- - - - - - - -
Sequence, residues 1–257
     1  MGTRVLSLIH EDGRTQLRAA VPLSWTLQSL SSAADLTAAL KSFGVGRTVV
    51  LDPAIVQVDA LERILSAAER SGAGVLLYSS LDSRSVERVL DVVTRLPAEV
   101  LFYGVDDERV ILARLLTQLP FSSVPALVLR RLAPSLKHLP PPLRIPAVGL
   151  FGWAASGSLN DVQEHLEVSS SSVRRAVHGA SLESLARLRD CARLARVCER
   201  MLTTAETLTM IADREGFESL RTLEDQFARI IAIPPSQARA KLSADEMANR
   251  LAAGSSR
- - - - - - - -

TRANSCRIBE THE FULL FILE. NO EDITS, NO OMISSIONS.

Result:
Sequence, residues 1–257
     1  MGTRVLSLIH EDGRTQLRAA VPLSWTLQSL SSAADLTAAL KSFGVGRTVV
    51  LDPAIVQVDA LERILSAAER SGAGVLLYSS LDSRSVERVL DVVTRLPAEV
   101  LFYGVDDERV ILARLLTQLP FSSVPALVLR RLAPSLKHLP PPLRIPAVGL
   151  FGWAASGSLN DVQEHLEVSS SSVRRAVHGA SLESLARLRD CARLARVCER
   201  MLTTAETLTM IADREGFESL RTLEDQFARI IAIPPSQARA KLSADEMANR
   251  LAAGSSR